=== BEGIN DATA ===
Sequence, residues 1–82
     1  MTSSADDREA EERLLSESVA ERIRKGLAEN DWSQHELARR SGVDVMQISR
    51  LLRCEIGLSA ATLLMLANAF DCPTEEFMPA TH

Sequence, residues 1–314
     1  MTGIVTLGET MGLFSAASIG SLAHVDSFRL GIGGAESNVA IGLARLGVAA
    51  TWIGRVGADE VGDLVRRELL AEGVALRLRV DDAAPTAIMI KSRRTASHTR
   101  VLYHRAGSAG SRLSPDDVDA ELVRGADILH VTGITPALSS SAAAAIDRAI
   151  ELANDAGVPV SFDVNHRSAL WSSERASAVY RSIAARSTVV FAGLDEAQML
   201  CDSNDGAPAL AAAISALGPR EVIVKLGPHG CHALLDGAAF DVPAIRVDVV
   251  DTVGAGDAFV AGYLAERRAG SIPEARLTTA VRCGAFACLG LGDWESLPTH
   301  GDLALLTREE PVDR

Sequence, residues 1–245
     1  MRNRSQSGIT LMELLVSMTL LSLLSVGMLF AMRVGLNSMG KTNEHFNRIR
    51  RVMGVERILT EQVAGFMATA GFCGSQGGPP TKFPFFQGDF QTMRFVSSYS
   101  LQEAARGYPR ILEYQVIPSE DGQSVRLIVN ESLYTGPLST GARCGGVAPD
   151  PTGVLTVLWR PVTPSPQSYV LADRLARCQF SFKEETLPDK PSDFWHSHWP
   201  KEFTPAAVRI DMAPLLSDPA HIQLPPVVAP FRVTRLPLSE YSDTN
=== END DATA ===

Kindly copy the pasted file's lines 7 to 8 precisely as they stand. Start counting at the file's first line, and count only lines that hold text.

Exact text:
   101  VLYHRAGSAG SRLSPDDVDA ELVRGADILH VTGITPALSS SAAAAIDRAI
   151  ELANDAGVPV SFDVNHRSAL WSSERASAVY RSIAARSTVV FAGLDEAQML